During the 1940s, blues, swing, and
pop mixed it up to create the foundation for modern urban music.
Jump blues, swing blues, and other urban slants on the music coalesced
in the broader spectrum of what future soul producer Jerry Wexler
dubbed "rhythm & blues." But even before that new,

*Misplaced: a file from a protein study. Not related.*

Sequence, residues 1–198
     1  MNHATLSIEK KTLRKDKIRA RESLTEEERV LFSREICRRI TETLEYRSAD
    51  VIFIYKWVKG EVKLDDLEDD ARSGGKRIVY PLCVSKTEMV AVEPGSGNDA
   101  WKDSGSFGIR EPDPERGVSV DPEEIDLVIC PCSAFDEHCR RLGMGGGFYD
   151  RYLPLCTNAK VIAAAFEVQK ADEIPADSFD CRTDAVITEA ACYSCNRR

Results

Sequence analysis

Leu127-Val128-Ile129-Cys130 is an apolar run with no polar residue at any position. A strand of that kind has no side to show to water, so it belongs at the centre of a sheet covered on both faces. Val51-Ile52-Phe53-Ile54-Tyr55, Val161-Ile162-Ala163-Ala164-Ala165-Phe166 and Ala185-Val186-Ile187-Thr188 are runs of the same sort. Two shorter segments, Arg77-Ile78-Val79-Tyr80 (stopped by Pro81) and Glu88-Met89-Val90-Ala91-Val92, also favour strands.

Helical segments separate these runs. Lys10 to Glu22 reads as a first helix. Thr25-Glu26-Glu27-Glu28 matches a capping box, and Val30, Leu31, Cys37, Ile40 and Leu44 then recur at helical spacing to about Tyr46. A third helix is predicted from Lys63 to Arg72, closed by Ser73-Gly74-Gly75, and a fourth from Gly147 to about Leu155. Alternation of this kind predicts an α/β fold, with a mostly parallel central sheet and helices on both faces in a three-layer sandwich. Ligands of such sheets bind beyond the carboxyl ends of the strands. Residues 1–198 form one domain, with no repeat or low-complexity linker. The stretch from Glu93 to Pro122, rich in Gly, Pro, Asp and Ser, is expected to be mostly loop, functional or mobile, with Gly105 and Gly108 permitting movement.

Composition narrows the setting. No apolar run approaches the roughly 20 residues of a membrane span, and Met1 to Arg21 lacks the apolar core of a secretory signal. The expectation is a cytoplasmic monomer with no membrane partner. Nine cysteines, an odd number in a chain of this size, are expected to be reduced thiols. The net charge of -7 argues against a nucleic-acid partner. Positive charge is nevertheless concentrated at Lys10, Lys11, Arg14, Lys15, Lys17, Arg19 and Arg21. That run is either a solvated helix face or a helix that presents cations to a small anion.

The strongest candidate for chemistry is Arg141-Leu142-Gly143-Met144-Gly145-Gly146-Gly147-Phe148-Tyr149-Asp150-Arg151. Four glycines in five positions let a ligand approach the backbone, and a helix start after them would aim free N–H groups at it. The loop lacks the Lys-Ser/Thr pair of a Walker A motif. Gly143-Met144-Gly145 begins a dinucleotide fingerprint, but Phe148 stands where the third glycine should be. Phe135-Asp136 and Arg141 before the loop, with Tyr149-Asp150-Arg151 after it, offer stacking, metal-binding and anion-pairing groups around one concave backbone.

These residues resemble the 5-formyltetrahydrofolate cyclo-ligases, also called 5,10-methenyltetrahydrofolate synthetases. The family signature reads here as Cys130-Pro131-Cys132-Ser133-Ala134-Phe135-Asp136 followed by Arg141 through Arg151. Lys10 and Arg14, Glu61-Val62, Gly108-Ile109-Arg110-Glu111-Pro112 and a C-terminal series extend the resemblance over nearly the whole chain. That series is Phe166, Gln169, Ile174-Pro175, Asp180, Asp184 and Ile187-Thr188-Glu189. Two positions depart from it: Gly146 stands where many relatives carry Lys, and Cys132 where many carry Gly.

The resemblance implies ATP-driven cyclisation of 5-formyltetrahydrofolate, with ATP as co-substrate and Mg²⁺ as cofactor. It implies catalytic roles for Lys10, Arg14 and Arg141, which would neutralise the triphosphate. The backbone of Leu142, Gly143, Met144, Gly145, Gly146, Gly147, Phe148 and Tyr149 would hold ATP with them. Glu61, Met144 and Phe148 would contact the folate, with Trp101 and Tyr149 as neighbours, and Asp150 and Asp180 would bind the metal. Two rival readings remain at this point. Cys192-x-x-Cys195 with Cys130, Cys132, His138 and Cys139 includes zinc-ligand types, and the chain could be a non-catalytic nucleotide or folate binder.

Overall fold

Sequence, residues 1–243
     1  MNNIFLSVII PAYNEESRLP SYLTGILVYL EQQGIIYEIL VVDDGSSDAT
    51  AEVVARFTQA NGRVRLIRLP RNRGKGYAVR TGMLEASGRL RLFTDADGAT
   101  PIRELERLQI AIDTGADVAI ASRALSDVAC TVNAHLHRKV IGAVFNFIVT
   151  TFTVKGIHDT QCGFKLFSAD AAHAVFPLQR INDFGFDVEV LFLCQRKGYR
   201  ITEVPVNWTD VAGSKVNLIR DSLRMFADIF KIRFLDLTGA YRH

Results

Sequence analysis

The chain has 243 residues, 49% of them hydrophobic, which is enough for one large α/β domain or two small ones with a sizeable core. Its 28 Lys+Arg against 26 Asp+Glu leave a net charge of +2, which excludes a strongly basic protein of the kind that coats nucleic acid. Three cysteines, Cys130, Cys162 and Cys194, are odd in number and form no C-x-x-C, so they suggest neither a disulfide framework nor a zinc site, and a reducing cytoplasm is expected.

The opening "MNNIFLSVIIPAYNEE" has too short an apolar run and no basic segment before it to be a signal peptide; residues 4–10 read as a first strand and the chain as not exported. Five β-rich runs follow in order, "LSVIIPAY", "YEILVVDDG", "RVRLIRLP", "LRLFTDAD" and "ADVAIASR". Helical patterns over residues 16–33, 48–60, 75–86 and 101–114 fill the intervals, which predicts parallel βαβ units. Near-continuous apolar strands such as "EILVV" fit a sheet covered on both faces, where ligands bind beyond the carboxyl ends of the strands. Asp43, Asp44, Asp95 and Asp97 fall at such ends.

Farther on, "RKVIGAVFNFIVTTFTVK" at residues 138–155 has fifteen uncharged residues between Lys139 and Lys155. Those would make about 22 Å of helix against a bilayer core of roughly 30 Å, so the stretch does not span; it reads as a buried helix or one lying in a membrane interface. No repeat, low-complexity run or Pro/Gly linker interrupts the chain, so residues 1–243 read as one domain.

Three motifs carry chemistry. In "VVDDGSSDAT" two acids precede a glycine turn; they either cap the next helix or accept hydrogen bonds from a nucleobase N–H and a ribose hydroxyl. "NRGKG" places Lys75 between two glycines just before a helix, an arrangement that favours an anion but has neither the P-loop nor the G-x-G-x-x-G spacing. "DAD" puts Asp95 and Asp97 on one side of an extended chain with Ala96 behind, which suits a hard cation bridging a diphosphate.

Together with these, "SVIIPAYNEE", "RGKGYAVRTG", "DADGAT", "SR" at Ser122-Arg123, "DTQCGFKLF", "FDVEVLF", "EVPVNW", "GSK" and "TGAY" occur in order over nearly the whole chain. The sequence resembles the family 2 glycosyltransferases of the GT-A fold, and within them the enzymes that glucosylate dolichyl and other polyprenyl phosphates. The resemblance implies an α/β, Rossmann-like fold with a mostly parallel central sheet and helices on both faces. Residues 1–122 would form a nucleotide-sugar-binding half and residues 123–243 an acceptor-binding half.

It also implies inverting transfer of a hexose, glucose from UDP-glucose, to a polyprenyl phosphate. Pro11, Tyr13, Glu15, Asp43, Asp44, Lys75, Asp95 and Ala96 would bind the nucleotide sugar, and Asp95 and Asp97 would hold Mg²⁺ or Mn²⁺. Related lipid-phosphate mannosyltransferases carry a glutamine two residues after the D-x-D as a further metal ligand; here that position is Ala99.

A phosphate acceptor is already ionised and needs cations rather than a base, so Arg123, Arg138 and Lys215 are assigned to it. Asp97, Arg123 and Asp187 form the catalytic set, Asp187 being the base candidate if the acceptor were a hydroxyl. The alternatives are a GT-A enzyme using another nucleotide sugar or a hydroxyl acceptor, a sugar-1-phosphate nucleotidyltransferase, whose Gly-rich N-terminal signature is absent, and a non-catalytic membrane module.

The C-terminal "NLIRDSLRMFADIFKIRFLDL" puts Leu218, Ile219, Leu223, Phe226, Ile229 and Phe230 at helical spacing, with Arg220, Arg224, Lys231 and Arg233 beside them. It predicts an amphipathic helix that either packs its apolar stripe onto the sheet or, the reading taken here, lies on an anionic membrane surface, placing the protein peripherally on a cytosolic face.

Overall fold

more respectable phrase was coined, seminal music from artists
like Louis Jordan, Charles Brown, and Amos Milburn was helping
define its mix of hot dance music; slow, moody ballads; and (especially
in Jordan's case) lively novelty tunes that combined shrewd social
commentary with prescient raps. Here are definitive sets from
the architects behind R&B, soul, and funk.